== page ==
Finding The Pleasure Exercise:
Write out a list of your current regular pleasures (e.g. television shows, social engagements, sports, reading, hobbies, creative pursuits, etc.) in your life and your larger pleasures (e.g. new products, holidays, special events, etc.).
Then rank your regular pleasures in order of importance and plan how you could increase the time you spend on your favorites and decrease the time spent on ones that are not that enjoyable. Set aside specific time each week to sing, dance, play games and spend time with positive friends.
DO NOT participate in these activities in a half-baked way.
Fully focus and engage in them. Remove all possible distractions while you do them. With your larger reward pleasures, write down what important activities you need to accomplish first (and within what time frame, review goal setting chapter for more on this) before rewarding yourself with them.
Emergency Specific Pleasure Prompts:
As a general rule, the regular and reward pleasures system is a great method to keep life enjoyable. Unfortunately, sometimes people can fall into depressive and de-motivated moods where a goal focused pleasures system will be too difficult. The secret in this scenario is to create a list of pleasure prompts.
However, this can be hard for someone to do alone when they are feeling depressed. With patience and by asking the right questions, I can get even the most stuck person to create a list of at least a dozen things. Of course, having a trained professional to assist is a luxury most people don’t have when needed most.
There is a better option which is to act now! You should create your pleasure prompts list when you are feeling fine and continue to add to it whenever a new idea comes up. Ask friends and colleagues what they enjoy and if you enjoy them too, add it to the list. One of the advantages of modern technology is not only can we put our list on our phone so it will be with us wherever we go, we can also easily and quickly access video, audio and text when we need it.
Pleasure Prompts List and Set-up:
Right now, create a favorites list. Don’t think, just write. All you need is at least five in total. Write down 1-3 of your favorites in each of the following categories: songs, jokes, books (book passages), poems, videos/movies, sports, hobbies, sensory joys (bath, massage, intimacy, cooking), friends, games, dances. Keep this list in your wallet or electronically on your phone and make these options easily accessible.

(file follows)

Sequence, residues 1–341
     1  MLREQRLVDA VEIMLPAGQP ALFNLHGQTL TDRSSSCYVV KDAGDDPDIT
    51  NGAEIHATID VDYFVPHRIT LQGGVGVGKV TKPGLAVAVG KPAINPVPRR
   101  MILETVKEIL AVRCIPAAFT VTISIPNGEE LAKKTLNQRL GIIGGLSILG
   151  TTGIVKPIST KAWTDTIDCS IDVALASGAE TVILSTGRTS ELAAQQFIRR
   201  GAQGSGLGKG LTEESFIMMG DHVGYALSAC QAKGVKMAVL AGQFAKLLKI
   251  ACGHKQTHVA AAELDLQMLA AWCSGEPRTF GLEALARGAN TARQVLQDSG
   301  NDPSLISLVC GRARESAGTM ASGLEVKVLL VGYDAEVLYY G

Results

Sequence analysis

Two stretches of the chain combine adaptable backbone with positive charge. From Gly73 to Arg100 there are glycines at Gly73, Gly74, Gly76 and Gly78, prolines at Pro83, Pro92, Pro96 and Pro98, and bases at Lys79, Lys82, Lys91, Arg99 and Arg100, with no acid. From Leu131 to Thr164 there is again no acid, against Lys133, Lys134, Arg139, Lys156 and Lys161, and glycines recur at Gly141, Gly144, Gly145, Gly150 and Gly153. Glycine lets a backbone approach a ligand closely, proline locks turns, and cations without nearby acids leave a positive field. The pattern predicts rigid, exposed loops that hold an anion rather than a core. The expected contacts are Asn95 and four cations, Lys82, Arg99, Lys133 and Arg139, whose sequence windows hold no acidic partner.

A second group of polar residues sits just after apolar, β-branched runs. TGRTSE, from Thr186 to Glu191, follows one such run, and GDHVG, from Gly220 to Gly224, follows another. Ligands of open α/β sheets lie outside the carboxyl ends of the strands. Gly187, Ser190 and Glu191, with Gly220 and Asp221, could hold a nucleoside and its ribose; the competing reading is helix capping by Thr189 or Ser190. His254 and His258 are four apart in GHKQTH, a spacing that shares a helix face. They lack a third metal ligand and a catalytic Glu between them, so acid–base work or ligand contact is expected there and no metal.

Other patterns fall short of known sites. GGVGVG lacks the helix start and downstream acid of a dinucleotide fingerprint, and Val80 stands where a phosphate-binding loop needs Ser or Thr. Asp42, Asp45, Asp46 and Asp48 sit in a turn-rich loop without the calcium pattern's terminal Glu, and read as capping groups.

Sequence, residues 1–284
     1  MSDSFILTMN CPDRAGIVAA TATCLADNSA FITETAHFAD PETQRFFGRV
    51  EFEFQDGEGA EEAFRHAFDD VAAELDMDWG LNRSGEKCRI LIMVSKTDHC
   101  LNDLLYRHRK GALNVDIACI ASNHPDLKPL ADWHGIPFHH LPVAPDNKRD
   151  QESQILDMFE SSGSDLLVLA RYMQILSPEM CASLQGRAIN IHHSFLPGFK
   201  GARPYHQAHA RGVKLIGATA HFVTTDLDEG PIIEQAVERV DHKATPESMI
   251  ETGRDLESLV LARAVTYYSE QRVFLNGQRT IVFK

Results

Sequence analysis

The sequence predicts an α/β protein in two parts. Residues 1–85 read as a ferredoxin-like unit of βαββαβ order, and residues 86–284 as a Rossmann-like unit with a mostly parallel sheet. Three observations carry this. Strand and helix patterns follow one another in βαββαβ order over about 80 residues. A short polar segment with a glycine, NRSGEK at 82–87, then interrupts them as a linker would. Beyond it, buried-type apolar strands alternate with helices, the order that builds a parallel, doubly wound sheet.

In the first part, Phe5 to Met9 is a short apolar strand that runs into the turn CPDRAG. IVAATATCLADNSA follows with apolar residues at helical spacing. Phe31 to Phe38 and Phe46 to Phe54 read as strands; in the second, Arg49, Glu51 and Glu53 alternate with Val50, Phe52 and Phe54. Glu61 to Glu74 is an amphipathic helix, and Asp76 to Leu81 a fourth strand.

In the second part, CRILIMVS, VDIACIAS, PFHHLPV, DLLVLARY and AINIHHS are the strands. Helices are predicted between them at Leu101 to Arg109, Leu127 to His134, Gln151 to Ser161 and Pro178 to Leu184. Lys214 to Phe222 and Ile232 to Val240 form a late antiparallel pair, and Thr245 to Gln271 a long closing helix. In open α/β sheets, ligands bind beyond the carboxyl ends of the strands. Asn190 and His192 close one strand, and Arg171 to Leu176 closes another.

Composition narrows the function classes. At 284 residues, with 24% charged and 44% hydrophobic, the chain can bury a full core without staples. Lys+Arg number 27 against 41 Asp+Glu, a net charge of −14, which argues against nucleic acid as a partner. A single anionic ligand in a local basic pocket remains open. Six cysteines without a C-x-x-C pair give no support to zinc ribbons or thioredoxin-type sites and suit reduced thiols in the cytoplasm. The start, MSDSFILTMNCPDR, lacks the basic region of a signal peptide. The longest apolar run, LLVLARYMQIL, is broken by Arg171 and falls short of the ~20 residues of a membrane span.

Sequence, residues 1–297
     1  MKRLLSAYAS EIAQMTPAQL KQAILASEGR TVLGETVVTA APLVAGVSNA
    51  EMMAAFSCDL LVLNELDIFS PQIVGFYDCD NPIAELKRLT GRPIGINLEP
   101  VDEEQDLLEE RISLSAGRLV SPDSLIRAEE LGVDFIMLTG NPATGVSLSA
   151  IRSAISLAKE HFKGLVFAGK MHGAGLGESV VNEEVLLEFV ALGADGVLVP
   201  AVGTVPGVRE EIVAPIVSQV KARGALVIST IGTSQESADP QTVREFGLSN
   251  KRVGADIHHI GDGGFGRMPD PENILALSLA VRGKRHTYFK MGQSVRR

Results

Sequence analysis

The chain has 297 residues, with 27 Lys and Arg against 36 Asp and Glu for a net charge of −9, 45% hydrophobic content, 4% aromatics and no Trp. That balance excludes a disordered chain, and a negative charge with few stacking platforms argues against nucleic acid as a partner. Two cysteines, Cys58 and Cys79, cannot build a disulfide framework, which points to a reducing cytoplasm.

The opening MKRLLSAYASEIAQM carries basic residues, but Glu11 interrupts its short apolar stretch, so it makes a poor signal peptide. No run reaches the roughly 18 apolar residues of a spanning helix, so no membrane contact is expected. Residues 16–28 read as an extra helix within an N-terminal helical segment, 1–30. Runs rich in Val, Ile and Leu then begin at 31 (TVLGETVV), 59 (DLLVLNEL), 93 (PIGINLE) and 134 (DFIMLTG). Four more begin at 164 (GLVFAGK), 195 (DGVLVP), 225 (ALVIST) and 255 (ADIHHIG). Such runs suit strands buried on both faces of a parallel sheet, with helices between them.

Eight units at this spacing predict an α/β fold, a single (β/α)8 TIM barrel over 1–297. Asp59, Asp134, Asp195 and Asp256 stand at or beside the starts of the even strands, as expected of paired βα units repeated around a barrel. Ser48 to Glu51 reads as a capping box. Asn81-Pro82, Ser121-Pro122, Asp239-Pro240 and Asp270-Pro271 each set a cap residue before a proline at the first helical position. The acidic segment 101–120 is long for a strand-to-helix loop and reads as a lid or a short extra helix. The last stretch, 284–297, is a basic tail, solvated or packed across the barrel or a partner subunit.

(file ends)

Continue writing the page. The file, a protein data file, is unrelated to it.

Put your favorite songs, images or videos on your phone (or links for where they can be easily streamed), your favorite jokes, poems and books (or at least book passages) on your desk and in your phone. Have maps and apps for key places of interest. Keep special folders with cherished photographs and social activities to do alone or with friend’s.
As a general rule, avoid computer games and alcohol as they can be addictive and depressive in the medium to long term. Stick with prompts that normally inspire or rejuvenate you.
Even if you are not feeling inspired at the time, the principles of “acting now” and “movement” will lead to greater pleasurable momentum. The key is not to overthink it. If struggling, immediately scan your list and do the first thing you find that you can start without delay. That is why your list should always be with you and ready. When in doubt – open, scan, pick whatever seems easiest and begin!
The more you engage with the activity, the more effective it will be. If you’re going to listen to your favorite song, listen deeply or better yet, sing along as passionately as you can. Dance freely, read that poem out loud, make that bath just right, turn off the TV and your computer and put your phone on airplane mode and really talk, walk or play games with your friends, colleagues or kids if suitable and so on.